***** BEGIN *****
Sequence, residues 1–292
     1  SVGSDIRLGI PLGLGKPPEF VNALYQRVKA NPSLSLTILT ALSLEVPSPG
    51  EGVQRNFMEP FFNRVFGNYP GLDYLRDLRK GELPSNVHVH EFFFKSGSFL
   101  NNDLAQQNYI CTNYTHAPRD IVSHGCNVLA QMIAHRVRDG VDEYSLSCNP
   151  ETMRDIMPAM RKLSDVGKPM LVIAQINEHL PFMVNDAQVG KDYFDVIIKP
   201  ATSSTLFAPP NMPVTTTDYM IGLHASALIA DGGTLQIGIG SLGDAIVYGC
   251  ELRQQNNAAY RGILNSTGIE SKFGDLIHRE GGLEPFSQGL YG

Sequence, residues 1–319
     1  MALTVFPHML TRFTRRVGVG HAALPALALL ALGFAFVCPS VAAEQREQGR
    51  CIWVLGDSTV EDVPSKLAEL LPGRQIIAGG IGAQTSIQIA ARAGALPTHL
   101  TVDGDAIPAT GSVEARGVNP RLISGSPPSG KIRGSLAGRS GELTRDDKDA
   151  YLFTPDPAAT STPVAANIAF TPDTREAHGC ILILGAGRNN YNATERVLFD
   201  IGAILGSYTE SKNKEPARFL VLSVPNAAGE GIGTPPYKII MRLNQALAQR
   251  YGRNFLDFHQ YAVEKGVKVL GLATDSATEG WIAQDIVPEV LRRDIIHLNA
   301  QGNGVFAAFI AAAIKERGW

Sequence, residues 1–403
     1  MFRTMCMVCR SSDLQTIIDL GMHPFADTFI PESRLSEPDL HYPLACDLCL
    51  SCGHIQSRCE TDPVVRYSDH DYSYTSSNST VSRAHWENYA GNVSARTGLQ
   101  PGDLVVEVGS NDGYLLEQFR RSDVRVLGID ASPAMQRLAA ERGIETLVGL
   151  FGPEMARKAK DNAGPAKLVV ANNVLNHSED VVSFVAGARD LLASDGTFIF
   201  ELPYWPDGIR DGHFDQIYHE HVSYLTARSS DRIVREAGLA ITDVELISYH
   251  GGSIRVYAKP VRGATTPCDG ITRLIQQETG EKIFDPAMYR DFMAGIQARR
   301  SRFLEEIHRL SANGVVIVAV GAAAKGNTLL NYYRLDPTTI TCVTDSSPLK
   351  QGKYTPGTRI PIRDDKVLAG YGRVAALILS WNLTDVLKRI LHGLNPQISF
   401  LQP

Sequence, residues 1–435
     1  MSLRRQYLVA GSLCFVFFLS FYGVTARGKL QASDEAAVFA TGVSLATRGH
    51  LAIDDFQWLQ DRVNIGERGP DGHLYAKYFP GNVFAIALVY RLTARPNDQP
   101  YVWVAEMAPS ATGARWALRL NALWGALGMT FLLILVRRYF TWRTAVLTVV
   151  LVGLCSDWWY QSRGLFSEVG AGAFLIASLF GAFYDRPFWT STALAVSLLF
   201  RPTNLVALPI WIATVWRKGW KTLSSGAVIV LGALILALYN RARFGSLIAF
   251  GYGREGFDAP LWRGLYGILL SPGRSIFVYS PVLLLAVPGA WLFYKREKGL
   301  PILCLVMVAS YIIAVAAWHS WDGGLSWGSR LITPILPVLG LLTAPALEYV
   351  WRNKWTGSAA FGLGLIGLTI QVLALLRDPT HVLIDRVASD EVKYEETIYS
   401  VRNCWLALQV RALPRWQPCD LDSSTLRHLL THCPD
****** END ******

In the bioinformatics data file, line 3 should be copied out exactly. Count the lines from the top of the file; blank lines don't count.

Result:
    51  EGVQRNFMEP FFNRVFGNYP GLDYLRDLRK GELPSNVHVH EFFFKSGSFL